A small study revealed that skipping the flu vaccine was associated with a higher risk for trouble with a sense of smell or taste.

Researchers say the results are preliminary, but since respiratory viruses are a common cause of a lost ability to smell, it is possible that the cold flu could be a contributing factor, according to a Reuters Health news report. Zara Patel, MD, and colleagues identified 36 patients with olfactory problems that started after upper respiratory infections.

The average duration of loss of smell was about 19 months but ranged from 3 to 48 months. Patel explains that respiratory viruses can damage olfactory nerves directly indirectly and directly by causing inflammation, with the effect not always being temporary. Patel states, “Patients who suffer from decreased or total loss of smell, called ‘hyposmia’ or ‘anosmia’ are deeply affected by this problem.”

The Reuters Health news report notes that people who can’t smell may lose important safety mechanisms, and 80% of taste is linked to smell, so a total loss of smell may ruin a person’s ability to enjoy food. Patel says, “This can (and often does) lead to deep depression and a drastic reduction in quality of life,” Patel said, “adding there is currently no established cure for the problem.”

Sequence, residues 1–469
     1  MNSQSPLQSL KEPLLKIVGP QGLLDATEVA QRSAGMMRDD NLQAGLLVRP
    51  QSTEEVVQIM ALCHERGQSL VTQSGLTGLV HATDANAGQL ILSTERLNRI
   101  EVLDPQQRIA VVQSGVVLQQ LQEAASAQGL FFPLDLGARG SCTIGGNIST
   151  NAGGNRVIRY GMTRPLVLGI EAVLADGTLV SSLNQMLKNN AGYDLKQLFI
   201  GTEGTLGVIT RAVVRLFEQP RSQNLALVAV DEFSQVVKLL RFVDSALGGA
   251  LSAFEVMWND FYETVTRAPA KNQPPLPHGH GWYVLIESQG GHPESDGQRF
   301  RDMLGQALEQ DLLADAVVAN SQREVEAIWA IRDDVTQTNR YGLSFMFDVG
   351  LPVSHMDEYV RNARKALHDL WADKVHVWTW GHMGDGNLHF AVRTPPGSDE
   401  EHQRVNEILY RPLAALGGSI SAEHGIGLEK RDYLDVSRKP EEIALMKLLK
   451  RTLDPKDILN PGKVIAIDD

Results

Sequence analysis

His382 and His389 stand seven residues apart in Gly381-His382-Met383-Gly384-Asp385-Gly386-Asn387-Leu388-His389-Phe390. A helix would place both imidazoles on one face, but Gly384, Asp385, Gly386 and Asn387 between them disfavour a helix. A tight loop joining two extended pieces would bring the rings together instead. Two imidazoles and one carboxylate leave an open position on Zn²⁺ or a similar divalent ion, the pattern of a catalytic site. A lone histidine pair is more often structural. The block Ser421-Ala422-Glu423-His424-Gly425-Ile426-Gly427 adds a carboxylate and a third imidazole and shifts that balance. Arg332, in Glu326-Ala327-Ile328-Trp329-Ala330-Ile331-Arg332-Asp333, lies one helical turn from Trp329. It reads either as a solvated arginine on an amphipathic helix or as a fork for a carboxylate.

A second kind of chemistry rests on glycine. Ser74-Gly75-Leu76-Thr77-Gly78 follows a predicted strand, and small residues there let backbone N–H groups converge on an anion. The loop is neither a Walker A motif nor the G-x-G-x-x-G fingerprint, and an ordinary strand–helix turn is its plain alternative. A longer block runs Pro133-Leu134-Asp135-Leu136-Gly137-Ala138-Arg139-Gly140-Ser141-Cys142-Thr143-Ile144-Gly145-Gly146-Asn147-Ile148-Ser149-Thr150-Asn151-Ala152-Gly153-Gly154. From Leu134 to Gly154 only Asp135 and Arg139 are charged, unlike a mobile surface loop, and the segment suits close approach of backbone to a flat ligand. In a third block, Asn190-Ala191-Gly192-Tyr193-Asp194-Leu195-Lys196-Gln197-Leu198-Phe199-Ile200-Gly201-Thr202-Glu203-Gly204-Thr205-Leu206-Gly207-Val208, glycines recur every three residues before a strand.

Hundreds of different respiratory viruses may have an effect like this, but the influenza virus may be preventable with vaccines. Patel explains, “I saw this as a potential opportunity to (look for) any association between rate of vaccination and rate of (olfactory) loss, and see if there’s a way to eventually use this information.”

Overall, only 19% of the group with smell problems had been vaccinated against the flu, compared to 42% of the group who had no loss of smell. Patel says the study was small and more research needs to be done. As such, her new team will look at the same subject with more rigorously designed studies.

Patel asserts, “If people realize they are not able to smell or taste as well as they used to, they should seek care from an otolaryngologist as soon as possible. Because the longer the amount of time that passes before they are able to start treatment, the less chance they have for recovery.”

Source: Reuters Health